The scope of the artificial environment gradually increased, along with the development of social economies, such as supporting facilities, public service facilities, and traffic. This section primarily discusses traffic forecasting based on RNNs, which has been vital and critical for traffic control with the rapid increase of vehicles.

Many researchers have used RNNs for traffic forecasting, an area that requires highly accurate information on traffic congestion management in intelligent transportation systems. A novel dynamic time-delay recurrent wavelet neural network (WNN) model was discussed by Jiang and Adeli (2005) that incorporated the self-similar, singular, and fractal properties discovered in the traffic flow and achieved high prediction accuracy. Sheu, Lan, and Huang (2009) presented a novel real-time recurrent (RTRL) algorithm to train nonlinear traffic dynamics measured in different aspects. Thus, the goal of accurate prediction which is affected by time intervals, time lags, and time periods, can be achieved.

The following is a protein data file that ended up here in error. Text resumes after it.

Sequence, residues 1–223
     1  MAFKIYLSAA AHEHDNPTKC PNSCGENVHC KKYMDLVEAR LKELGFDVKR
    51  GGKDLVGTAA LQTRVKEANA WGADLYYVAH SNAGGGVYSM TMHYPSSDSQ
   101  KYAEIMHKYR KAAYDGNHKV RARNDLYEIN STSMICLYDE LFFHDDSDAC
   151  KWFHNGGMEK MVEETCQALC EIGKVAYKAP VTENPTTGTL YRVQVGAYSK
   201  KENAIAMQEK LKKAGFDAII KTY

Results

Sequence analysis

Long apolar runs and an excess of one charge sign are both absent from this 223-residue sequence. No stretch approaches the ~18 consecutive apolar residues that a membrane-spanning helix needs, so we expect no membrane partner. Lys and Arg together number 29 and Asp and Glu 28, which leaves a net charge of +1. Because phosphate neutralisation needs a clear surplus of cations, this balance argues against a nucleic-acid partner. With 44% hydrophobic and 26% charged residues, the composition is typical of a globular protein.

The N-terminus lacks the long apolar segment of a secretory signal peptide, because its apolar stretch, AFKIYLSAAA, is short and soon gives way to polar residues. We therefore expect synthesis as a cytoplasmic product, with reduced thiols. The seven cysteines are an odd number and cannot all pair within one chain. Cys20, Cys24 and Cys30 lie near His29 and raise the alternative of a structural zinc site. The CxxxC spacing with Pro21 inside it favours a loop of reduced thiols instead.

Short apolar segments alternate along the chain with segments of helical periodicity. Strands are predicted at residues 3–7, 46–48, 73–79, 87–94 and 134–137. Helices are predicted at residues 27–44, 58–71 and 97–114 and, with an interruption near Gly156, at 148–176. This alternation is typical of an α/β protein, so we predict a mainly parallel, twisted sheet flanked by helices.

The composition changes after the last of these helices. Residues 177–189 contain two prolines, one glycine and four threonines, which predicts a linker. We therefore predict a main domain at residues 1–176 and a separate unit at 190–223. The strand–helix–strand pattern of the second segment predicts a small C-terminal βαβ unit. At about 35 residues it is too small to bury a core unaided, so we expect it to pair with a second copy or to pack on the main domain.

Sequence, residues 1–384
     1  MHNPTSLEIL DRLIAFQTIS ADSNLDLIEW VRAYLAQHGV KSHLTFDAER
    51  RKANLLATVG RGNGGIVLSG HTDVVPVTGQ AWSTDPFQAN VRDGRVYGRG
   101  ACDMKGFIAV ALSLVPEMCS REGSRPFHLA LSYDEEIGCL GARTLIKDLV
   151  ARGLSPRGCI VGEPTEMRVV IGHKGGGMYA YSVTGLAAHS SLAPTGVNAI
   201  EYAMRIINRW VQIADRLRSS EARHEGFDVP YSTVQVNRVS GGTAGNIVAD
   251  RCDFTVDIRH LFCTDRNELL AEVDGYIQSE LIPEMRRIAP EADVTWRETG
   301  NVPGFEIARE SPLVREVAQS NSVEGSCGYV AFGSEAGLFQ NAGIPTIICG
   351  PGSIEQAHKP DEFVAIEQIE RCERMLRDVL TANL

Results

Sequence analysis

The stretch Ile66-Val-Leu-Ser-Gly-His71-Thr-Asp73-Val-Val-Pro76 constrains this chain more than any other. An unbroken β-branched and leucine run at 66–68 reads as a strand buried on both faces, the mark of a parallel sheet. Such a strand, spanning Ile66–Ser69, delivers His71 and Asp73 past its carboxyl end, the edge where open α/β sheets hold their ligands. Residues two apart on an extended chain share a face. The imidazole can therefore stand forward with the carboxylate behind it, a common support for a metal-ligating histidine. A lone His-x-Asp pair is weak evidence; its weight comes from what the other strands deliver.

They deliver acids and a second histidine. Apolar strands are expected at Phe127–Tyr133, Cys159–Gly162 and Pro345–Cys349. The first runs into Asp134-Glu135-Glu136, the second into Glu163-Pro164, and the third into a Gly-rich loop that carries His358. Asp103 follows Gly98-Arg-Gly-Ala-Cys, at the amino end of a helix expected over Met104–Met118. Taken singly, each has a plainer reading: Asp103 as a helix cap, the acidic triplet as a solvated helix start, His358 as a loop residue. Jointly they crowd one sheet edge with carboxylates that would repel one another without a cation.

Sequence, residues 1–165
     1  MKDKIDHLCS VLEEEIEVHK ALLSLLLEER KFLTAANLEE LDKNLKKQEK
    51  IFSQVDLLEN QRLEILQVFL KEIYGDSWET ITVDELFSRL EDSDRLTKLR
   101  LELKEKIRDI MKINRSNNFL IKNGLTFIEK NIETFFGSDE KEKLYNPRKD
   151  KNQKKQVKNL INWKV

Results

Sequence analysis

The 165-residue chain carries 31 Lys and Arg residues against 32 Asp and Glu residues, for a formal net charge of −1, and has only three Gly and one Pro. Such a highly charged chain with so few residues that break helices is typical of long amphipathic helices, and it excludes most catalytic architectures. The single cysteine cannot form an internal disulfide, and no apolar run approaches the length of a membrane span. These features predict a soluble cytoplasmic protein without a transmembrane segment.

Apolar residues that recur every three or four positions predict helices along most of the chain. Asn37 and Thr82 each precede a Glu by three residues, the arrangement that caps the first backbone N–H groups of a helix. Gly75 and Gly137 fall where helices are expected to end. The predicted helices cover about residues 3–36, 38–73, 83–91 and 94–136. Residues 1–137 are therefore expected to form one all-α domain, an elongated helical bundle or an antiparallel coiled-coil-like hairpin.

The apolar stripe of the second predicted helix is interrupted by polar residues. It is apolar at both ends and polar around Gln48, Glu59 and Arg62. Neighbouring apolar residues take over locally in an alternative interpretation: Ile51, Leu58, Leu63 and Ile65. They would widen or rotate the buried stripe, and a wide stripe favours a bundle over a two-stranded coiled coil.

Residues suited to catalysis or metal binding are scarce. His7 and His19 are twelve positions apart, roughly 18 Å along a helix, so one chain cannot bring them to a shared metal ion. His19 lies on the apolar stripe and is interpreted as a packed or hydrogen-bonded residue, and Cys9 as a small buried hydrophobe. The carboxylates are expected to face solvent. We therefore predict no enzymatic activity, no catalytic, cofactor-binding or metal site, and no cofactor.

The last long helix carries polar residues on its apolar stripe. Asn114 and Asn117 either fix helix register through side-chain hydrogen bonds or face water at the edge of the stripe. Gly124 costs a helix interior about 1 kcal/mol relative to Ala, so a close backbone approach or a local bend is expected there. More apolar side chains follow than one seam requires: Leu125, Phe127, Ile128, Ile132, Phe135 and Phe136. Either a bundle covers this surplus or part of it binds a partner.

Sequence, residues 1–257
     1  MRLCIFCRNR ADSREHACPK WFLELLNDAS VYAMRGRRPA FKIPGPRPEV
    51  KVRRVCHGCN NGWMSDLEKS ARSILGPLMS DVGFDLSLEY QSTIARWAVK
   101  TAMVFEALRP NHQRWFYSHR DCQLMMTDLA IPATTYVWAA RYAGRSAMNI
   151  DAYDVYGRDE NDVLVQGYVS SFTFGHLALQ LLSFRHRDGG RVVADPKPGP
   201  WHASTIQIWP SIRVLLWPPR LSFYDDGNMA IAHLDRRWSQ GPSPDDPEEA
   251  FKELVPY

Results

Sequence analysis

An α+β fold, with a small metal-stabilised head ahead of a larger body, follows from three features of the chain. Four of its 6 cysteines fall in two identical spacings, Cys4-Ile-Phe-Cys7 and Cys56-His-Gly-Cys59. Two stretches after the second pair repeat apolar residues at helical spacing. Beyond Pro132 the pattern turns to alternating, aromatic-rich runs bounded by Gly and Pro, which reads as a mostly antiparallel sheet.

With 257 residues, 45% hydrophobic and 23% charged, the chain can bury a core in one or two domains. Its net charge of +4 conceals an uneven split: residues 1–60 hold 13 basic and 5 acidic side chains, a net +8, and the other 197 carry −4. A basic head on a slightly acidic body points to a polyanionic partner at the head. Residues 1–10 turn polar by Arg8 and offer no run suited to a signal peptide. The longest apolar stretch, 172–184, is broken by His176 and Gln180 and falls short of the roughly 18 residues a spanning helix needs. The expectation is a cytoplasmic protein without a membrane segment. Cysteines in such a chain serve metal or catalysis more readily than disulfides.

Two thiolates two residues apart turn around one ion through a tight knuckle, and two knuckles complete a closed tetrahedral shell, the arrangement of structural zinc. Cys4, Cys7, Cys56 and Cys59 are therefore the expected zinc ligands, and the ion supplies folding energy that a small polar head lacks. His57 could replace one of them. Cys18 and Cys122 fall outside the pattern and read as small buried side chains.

An, Song, and Zhao (2011) used a model for traffic flow forecasting based on echo state neural networks (ESNs). ESNs can effectively avoid the troublesome problem of using random network structure generation and training using least squares algorithms, as well as comparisons with the FFNN. The experimental results revealed that the ESN method had better forecasting performance, which proved its validity. To predict traffic speeds, Ma, Tao, Wang, Yu, and Wang (2015) designed a scheme based on the LSTM using remote microwave sensor data. The LSTM was compared with three typologies of RNNs (the Elman NN, TDNN, and NARX) and other classical statistical models, such as the SVM and a Kalman filter based on the same data set. The experiments demonstrated that the LSTM, an effective approach for learning time series with a long time dependency and automatically identifying the optimal time lags, outperformed the other algorithms in terms of accuracy and stability. Future studies should consider inputting spatial and temporal information into the LSTM and studying forecasting performance with different data aggregation levels. Adding multiple layers to the LSTM to enhance the learning capability of neural network is a potential path for improving the method. A similar study was carried out by Tian and Pan (2015). They used the LSTM RNN model to forecast short-term traffic flows, and the data set was collected from the Caltrans Performance Measurement system. Four classical prediction methods were selected for comparison: the random walk (RW), SVM, feedforward vector machine, and stacked autoencoder (SAE). Three aspects of those models were tested and compared: forecast accuracy, memory capability of long historical data, and generalization ability with different intervals of prediction. The experimental results showed that both the MAPE and RMSE were lowest, with the different prediction intervals, which proved that the LSTM was able to effectively capture the nonlinearity and randomness of traffic flow and achieve good prediction accuracy and generalization.